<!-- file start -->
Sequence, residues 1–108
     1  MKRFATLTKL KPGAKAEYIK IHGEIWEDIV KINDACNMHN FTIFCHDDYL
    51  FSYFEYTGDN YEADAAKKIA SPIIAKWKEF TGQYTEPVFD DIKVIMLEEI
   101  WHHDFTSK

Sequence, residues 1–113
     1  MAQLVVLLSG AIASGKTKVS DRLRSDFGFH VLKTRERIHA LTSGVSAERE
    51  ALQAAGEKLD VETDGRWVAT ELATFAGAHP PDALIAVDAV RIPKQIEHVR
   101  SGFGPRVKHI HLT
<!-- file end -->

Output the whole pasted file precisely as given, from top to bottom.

Sequence, residues 1–108
     1  MKRFATLTKL KPGAKAEYIK IHGEIWEDIV KINDACNMHN FTIFCHDDYL
    51  FSYFEYTGDN YEADAAKKIA SPIIAKWKEF TGQYTEPVFD DIKVIMLEEI
   101  WHHDFTSK

Sequence, residues 1–113
     1  MAQLVVLLSG AIASGKTKVS DRLRSDFGFH VLKTRERIHA LTSGVSAERE
    51  ALQAAGEKLD VETDGRWVAT ELATFAGAHP PDALIAVDAV RIPKQIEHVR
   101  SGFGPRVKHI HLT